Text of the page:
“Oh, Melissa,” shouted Bruno, “your samba is even more appetizing on second helpings.” (“You’ve really gotten creepy now,” said Tom Bergeron.) “The word that comes to mind is Terpsichore—the muse of dance,” said Carrie Ann. “You have style and elegance,” said Len, “but you mix that with rhythm and performance.” As with Shawn’s performance, the critiques made it obvious that three 10’s were coming. Bruno’s fist pump was particularly perfunctory.
Gilles and Cheryl’s love-connection footage was a little too heavy. “I don’t think I’m ever gonna stop dancing now,” said Gilles, who seemed to be getting choked up at the end. Cheryl said he had become a lifelong friend.
They worked the drama in their Argentine tango, which started slowly and built up in speed and intensity, finishing in a classic pose, with her balanced upside down on his knee. They hugged for so long after the routine that you expected to see a worried reaction shot from Mrs. Gilles somewhere in the audience.
Carrie Ann said to Gilles, “You bring such an amazing artistry to your dances.” Len told a story about the first time he saw the Argentine tango, in a nightclub in Paris in the ’60s. Guess you had to be there. “This was not an Argentine tango,” shouted Bruno. “It was an Argentine triumph.” (Perhaps worried about going long, Tom Bergeron repeatedly tried to interrupt Bruno’s rant.) Once again, the perfect 10’s were predictable; Bruno merely gave his 10 a “whatever” flip of the hand.
The first result announced was Melissa’s third-place finish. She said that her life had completely changed in the last 11 weeks and that she wanted to thank the “vooters,” then corrected herself to say that she meant the viewers and the voters. (“Vooters” could, however, be a useful shorthand term for viewers who vote on reality-competition shows.)
When Shawn’s victory was announced, Mark looked completely overwhelmed, falling to the floor and holding his hands over his mouth. Shawn, as usual, didn’t have much to say. Gilles gave a speech that sounded a little as if he’d won.
This was a two-hour show, and the actual competitive dancing didn’t start until 10:20 Eastern time. As filler, all of the other contestants from the season returned and performed what was presumably their best dance. Steve-O, the “Jackass” star, was most improved. Belinda Carlisle of the Go-Go’s and football star Lawrence Taylor still seemed as if they’d rather be somewhere else.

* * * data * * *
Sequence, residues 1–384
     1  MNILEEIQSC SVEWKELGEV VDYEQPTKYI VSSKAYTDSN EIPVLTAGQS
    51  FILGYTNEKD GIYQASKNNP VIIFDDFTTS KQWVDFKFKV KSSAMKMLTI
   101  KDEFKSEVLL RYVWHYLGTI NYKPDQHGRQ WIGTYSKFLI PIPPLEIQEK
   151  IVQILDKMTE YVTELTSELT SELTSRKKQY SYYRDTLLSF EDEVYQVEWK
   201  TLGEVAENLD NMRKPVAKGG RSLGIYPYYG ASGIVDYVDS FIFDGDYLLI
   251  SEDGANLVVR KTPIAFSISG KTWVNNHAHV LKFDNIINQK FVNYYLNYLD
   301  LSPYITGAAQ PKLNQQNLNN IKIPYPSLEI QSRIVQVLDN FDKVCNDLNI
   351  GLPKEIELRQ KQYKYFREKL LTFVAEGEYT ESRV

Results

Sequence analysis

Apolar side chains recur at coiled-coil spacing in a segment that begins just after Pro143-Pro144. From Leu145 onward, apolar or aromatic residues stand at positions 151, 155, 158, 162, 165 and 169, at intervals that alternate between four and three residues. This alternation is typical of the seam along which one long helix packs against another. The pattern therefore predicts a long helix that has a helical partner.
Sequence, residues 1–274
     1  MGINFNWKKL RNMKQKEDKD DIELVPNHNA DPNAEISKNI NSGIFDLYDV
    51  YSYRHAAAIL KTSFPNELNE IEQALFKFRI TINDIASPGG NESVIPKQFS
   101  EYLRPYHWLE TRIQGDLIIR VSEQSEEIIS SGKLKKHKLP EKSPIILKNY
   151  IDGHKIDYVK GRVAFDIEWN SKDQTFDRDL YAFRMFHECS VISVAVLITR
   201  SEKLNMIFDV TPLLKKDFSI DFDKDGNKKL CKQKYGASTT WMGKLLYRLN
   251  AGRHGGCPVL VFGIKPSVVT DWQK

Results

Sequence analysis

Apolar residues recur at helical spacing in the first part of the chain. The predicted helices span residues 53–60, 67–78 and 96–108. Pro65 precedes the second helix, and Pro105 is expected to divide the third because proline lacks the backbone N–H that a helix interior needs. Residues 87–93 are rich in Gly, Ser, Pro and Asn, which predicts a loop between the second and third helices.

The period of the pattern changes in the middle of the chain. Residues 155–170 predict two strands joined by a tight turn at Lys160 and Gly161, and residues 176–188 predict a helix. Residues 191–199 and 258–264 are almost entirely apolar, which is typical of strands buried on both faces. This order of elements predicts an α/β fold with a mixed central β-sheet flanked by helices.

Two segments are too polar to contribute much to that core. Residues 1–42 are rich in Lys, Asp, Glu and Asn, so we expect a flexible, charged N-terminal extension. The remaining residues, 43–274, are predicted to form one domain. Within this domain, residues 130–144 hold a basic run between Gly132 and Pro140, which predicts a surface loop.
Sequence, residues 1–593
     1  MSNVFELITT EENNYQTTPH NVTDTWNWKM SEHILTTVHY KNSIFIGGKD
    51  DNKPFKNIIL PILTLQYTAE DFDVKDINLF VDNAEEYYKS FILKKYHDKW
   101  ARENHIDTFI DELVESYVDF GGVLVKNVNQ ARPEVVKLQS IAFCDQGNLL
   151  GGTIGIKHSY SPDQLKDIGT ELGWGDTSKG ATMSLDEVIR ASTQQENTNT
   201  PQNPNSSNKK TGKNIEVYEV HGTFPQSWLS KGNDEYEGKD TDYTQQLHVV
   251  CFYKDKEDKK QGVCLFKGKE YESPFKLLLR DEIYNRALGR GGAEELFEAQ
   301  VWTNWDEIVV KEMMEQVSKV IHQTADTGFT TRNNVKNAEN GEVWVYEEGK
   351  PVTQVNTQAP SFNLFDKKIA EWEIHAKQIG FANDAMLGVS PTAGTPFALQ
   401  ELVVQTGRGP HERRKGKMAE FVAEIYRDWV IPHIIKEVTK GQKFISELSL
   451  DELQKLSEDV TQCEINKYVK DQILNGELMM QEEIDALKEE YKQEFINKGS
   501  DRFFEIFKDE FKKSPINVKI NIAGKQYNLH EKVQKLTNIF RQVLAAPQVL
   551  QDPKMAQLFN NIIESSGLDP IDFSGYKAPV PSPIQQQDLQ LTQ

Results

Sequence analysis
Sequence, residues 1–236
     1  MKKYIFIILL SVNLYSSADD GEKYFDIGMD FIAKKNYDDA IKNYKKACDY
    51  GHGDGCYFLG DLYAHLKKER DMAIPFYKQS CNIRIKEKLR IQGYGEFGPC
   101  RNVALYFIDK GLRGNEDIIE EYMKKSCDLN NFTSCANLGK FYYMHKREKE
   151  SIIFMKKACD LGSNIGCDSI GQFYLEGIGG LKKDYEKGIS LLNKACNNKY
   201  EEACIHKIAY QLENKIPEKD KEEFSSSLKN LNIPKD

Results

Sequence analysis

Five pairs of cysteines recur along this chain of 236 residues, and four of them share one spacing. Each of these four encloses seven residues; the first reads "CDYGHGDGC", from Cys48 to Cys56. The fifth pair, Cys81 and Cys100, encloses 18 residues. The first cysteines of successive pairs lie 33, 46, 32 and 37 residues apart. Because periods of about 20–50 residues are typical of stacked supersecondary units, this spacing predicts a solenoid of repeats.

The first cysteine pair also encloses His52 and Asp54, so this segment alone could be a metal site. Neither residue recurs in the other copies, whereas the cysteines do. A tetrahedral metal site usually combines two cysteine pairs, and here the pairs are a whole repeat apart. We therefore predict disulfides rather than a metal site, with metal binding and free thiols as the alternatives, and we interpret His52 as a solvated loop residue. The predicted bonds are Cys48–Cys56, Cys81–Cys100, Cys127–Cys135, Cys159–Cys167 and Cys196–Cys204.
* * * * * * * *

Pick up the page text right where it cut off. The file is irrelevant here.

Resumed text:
Tom asked Lawrence’s partner, Edyta Sliwinska, “What is it like to have a partner that even you can’t make happy?” Lawrence cut in, saying, “That’s called your husband.” His humor never was appreciated this season.
The comedian Jeff Ross, the first star eliminated on season 7, came out to roast the contestants. “This is the first season ever that no stars made it to the finale,” he said.
“I didn’t know the show was called ‘Dancing With the Vaguely Familiar.’ ” Unfortunately, the producers kept cutting to shots of the contestants, none of whom seemed to have any idea what a roast was—or at least any idea how to feign being a good sport while being roasted.
The three finalists were then shown trash-talking each other in a dark, foggy space. Since this segment was pretaped, we can assume no one had time to edit out the joke that Melissa made about Shawn’s height, which was basically the same one Jeff Ross had just made.
Lady GaGa sang two songs. Her dancers must have been surprised to perform for an audience that paid more attention to them than to her.
And the results of the “choose a new professional for next season” competition were announced. The vooters picked Anna Demidova over Mayo Alinen, as one might have expected from the judges’ enthusiasm for her last dance. Her victory means that Len won’t have to honor his promise to show his bum in the supermarket.
On that happy note, we can all congratulate Shawn, hope that Gilles and Melissa find work in their chosen fields, and look forward to season 9.